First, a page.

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ROT13 ("rotate 13 places") is a simple cypher in which each letter is replaced with the letter that comes 13 places after it in the alphabet.

This is a brief overview of a subject that isn't expected to come up very much. See the ROT13 Wikipedia Page for a much more detailed treatment.

When encoding a string with ROT13, A becomes N, B becomes O, and so forth. The value 13 was chosen so that the cyper is symmetric on the English alphabet; since the alphabet has 26 letters, ROT13ing twice will yield the original input. Thus the "encrypt" and "decrypt" algorithms are identical.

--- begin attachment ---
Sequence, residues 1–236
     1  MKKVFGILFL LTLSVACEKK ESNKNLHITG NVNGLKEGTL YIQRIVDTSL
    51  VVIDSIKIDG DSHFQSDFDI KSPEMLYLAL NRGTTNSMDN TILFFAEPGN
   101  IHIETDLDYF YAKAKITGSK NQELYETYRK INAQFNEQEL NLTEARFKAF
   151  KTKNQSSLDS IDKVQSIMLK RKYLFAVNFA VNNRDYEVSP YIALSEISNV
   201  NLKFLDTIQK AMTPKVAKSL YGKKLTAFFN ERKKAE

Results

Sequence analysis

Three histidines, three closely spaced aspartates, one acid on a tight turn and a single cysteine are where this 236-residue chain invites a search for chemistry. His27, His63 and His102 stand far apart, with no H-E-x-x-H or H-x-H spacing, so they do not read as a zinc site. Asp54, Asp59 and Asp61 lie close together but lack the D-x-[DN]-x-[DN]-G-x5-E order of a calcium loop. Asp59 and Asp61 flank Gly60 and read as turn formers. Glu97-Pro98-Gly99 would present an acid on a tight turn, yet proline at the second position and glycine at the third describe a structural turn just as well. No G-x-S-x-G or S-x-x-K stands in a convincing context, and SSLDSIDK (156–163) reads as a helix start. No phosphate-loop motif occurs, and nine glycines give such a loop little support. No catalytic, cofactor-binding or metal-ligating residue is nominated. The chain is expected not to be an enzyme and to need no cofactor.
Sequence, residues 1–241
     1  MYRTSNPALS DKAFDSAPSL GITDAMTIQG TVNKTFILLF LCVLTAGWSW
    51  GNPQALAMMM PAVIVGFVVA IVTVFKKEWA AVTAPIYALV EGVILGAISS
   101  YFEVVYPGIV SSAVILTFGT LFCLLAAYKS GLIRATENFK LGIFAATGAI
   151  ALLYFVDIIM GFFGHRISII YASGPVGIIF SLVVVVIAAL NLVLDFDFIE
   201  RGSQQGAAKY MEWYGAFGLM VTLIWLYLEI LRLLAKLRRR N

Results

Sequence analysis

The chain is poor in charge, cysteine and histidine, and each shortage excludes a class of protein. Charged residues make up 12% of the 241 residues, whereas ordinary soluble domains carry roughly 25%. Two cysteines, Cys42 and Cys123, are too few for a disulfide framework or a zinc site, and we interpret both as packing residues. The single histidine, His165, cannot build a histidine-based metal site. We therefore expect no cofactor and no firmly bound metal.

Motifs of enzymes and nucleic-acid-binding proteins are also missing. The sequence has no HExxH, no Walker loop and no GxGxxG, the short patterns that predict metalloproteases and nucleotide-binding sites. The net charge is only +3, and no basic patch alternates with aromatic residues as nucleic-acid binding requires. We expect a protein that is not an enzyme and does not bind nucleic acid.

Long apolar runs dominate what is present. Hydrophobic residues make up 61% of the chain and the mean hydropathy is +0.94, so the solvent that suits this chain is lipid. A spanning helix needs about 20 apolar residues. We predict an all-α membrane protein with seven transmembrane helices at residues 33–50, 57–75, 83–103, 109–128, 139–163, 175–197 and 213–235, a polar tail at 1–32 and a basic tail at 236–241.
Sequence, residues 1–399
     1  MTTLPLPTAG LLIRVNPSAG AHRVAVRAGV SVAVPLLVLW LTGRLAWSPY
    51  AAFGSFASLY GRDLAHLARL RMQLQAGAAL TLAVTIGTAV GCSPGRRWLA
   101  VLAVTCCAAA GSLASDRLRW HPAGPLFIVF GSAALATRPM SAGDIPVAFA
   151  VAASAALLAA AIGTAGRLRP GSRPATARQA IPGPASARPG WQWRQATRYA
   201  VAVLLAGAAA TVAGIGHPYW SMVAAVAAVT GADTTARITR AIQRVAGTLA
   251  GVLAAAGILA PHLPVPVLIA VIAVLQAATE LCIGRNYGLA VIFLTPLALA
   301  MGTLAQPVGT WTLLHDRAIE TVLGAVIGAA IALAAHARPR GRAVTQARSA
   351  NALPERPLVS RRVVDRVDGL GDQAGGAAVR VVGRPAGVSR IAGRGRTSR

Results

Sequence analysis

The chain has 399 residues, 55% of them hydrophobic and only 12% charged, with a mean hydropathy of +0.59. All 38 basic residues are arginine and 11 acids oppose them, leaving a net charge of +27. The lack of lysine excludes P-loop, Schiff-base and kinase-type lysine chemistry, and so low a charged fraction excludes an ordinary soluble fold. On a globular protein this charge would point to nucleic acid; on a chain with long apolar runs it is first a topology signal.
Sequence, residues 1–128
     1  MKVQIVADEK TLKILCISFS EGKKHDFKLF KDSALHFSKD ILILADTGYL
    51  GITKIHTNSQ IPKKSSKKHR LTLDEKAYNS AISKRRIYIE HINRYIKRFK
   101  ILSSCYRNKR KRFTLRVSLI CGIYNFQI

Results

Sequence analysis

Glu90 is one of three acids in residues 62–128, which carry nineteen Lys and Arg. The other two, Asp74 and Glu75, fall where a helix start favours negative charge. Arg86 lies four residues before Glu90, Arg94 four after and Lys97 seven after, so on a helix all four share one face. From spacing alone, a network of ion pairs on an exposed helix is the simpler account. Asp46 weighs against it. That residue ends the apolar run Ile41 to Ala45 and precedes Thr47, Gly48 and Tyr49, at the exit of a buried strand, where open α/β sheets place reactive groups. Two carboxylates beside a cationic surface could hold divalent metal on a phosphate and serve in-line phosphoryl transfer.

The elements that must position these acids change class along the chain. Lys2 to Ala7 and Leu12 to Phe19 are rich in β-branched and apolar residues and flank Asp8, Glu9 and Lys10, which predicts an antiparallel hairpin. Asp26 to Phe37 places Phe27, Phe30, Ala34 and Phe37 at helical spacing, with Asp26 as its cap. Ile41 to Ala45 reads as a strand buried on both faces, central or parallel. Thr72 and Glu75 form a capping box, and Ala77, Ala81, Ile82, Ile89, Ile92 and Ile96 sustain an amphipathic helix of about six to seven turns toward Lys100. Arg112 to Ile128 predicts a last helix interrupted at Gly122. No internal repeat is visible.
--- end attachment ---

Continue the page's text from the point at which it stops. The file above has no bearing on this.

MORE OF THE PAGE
ROT13 is used to prevent text from being immediately readable, but still keep it available. Example applications include obscuring the punchlines of jokes, plot spoilers, and answers to puzzles.

It should never, ever be used when true security is required. Substitution cyphers can be broken with pencil and paper in a matter of minutes.

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